A Dec. 16 Supreme Court decision to deny a petition to review Martin v. City of Boise has finalized a significant holding by the 9th Circuit Court of Appeals which protects the right for homeless people to sleep in public spaces without reprisal.
The Circuit Court ruling held that if a homeless person has no option of sleeping indoors, a city cannot cite or punish him or her for violating an ordinance disallowing sleeping outside in a public space.
The decision effects how cities across the West may deal with their homeless populations.
“It gives us less tools to deal with perceived problems,” said Cottage Grove Police Captain Conrad Gagner, though he added that the court decision is not a critical restraining factor for law enforcement.
“It hasn’t been a real pervasive problem since the decision was made in 2018,” he said.
The case began in 2009 when Robert Martin and five individuals challenged Boise’s ordinances restricting public camping and sleeping, alleging that enforcement of those ordinances violated the Eighth Amendment’s prohibition against cruel and unusual punishment.
Years of legal wrangling culminated in the 9th Circuit Court reversing a lower court ruling in 2018, Judge Marsha Berzon writing that “imposition of criminal penalties for sitting, sleeping, or lying outside on public property for homeless individuals who cannot obtain shelter” amounted to the unconstitutional criminalization of homelessness.
“As long as there is no option of sleeping indoors, the government cannot criminalize indigent, homeless people for sleeping outdoors, on public property, on the false premise they had a choice in the matter,” she wrote.
Critics of the decision feel the federal court has given homeless people the ‘de facto right’ to sleep on sidewalks.
The City of Boise states on its website that “the 9th Circuit’s decision effectively creates a constitutional right to camp, holding that cities cannot prevent anyone from camping until they first provide enough shelter beds for everyone, thus exempting public encampments from a host of public health and safety laws.”
The court decision effects nine Western states, Oregon among them. Thus, cities like Cottage Grove with no permanent shelters must find alternative methods to solve the challenges faced by their homeless populations.
The state of homelessness in Cottage Grove is not easy to quantify and its location next to the I-5 corridor lends to a degree of the transient presence.
Even among the more rooted unhoused, true numbers are hard to come by.
“I think there are a lot more homeless people than are evident,” said Gagner.
Though there is a pronounced homeless population in Cottage Grove, Gagner said that even prior to the court’s decision, meting out punishment for those sleeping outside was not common practice.
“We rarely issue citations for the ordinance of unlawful lodging,” he said. “Only in the most extreme circumstances.”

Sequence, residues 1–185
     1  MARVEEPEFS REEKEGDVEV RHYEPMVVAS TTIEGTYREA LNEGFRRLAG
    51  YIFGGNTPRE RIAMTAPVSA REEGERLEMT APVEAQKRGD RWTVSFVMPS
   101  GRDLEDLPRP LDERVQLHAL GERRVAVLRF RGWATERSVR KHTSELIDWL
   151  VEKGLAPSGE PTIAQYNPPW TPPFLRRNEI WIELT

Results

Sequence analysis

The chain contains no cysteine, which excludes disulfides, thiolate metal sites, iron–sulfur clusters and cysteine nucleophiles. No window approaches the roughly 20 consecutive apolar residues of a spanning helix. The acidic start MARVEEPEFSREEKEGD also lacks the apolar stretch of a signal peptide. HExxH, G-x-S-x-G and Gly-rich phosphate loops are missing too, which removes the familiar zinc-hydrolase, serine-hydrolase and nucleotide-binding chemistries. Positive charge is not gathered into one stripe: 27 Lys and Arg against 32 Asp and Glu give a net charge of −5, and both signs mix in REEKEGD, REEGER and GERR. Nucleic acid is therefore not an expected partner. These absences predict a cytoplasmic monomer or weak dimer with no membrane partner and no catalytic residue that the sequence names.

The past few years, though, have seen a push by the city to get homeless camps on the outskirts of town out of the woods.
“But the first thing I said was, ‘They’re going to go somewhere,’” Gagner said. “They ended up in town under bridges and business doorways. … They’re human beings. They exist. And they have to sleep.”
Still, a solid solution to the challenge of homelessness remains elusive. In light of the court decision, a contingent of unhoused denizens could theoretically set up a semi-permanent camp on public property in town.
However, averting sanitation violations such as littering could pose an unworkable challenge and would require a highly organized system for success.
“It’s just a problem that I don’t see a really good solution to,” Gagner said. “Eugene tried a thing a few years ago with a contained area where they had security and let people camp outside and that turned into a nightmare — from sanitation and other things.”
In 2018, the City of Eugene set up temporary homeless camping on county-owned land along Highway 99, known as Camp 99, as an “emergency stopgap” to dozens of people camping in a lot across the street from the county courthouse. Camp 99 officially closed last January after the camp was reportedly becoming unsafe.
“If the city established something like that … there’s no reason for me to think it would turn out any differently than the failed experiment in Eugene,” said Gagner. “I’ve given it a heck of a lot of thought. … The solution escapes me.”
Cottage Grove, however, is significantly less saturated than Eugene by the challenge of homelessness. As such, Gagner does not see the court decision as a particular burden to law enforcement methods.
“I would hesitate to charge somebody on our city ordinance of unlawful lodging even if we did have a facility that you could go to but for whatever reason they didn’t want to go there,” he said, citing the possibility of safety concerns at shelters. “You can’t force someone to stay where they don’t want to stay.”